CALGARY -- Cute, cuddly, and affectionate, Pablo the wallaby hops around his enclosure at Cobb’s Adventure Park in northeast Calgary.

  • Warning: details in this story may be upsetting to some readers

He’s come a long way from when Cobb’s owner Mike Sheppard took him from the backyard of a drug house two years ago.

When Sheppard took the animal for medical help, the vet said his injuries showed evidence of a very traumatic past — possibly as a bait animal in dog fighting.

“He had all these bumps on his neck, and his hind was shaved. And the bumps she said is definitely dogs. It's dog bites,” said Shepard.

"And then after looking into it, they feel that the shaved part is apparently a common thing they do to teach dogs where to bite the animal that they're fighting, is they shave the rump.”

The Calgary Humane Society, along with Calgary police, investigate allegations of dog fighting and animal abuse.

In an email, Humane Society operations manager Brad Nichols told CTV, “We have had no intelligence in my career in Calgary to support the presence of organized dog fighting.”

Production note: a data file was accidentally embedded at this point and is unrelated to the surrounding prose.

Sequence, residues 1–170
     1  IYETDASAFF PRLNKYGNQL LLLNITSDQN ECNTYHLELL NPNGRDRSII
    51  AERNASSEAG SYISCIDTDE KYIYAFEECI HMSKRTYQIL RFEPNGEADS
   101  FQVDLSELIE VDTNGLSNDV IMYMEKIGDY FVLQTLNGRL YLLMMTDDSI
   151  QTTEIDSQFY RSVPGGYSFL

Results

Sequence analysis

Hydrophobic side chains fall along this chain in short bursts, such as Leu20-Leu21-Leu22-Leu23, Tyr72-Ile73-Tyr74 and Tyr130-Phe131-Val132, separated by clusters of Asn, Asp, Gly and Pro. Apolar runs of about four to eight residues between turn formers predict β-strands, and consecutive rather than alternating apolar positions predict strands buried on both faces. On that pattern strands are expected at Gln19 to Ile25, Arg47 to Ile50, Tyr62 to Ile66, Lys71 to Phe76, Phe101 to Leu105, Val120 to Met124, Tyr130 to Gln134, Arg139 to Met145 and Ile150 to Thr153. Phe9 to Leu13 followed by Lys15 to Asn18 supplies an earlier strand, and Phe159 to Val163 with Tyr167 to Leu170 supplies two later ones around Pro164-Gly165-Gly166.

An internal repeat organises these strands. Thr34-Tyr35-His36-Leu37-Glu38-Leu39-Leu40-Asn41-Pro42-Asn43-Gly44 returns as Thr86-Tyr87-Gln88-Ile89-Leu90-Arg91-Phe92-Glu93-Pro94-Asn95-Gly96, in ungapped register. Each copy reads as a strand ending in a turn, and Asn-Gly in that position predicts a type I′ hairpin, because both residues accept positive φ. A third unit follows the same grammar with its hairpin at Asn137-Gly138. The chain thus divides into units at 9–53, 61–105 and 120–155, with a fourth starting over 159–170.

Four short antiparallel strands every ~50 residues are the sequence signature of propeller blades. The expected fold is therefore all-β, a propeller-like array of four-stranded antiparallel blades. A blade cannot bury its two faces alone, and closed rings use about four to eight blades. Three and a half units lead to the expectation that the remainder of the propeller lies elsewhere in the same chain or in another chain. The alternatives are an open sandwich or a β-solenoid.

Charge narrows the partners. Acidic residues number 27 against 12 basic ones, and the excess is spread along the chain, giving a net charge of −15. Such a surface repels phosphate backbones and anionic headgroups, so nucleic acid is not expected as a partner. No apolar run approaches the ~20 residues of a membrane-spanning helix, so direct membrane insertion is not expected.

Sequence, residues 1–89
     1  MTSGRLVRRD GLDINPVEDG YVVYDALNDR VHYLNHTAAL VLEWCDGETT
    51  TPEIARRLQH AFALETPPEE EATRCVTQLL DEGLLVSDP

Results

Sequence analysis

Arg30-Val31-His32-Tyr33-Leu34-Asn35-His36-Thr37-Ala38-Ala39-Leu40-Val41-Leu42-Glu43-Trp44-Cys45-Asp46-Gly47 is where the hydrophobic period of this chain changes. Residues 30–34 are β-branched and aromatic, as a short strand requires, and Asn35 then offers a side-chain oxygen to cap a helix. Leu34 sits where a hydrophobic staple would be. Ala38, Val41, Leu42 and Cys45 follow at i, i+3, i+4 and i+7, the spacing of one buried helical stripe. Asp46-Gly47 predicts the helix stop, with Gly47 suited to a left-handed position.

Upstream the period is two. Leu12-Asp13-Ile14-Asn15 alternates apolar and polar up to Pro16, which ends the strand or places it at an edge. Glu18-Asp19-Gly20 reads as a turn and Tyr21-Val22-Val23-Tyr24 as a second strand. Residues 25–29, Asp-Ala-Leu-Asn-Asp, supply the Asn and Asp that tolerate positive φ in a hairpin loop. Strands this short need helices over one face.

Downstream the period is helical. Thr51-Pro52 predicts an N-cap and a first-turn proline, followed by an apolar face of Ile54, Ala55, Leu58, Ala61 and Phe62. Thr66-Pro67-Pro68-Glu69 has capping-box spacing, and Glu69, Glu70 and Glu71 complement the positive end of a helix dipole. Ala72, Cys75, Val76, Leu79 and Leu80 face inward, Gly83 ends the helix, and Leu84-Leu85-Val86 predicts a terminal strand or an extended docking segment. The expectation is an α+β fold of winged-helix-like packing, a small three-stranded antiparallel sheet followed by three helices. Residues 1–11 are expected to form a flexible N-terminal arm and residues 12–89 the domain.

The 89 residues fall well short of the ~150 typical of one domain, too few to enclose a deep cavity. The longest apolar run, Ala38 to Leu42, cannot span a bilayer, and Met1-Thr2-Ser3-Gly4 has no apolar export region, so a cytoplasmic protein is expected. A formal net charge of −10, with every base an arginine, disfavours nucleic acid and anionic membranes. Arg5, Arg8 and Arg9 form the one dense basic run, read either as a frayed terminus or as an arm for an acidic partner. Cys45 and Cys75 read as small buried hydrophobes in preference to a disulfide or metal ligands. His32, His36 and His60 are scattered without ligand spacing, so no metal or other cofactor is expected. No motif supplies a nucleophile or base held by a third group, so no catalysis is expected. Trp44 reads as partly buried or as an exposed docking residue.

Animal welfare groups in central Alberta say illegal dog fighting is a thriving underground activity.

Melanie Cretan of the Sylvan Lake and Area Serenity Pet Shelter Society says while she's never actually seen a dog fight, she has seen the evidence they leave behind.

“There’s no hard evidence except the dead and maimed dogs," she said.

No matter what caused Pablo’s injuries, it's clear to Sheppard the wallaby had been through extreme emotional and physical distress.

“He was not in good shape at all. When we got him, physically, he was dehydrated," he said.

"He was skinny. He had a skin condition. We probably spent a couple thousand dollars on vet bills within the first week of having him. (He was) malnourished and mentally he was very aggressive, unpredictable, agitated, and it took us a lot of work to get him to where he is today.”

Pablo’s case sparked Sheppard to start Cobb’s Exotic Animal Rescue and Education Foundation, which has now taken in dozens of animals, including snakes, tortoises, sugar gliders, iguanas and other wallabies.

When COVID-19 health measures saw the park and petting zoo closed, Sheppard lost almost all the income needed to maintain the animals in his care.

He purchased Cetus Automotive, a large car repair shop in northeast Calgary and uses the profits from it to help cover the care of the animals.

As a non-profit organization, Cobb’s Exotic Animal Rescue and Education Foundation can also offer tax receipts for donations through a partnership with Benevity.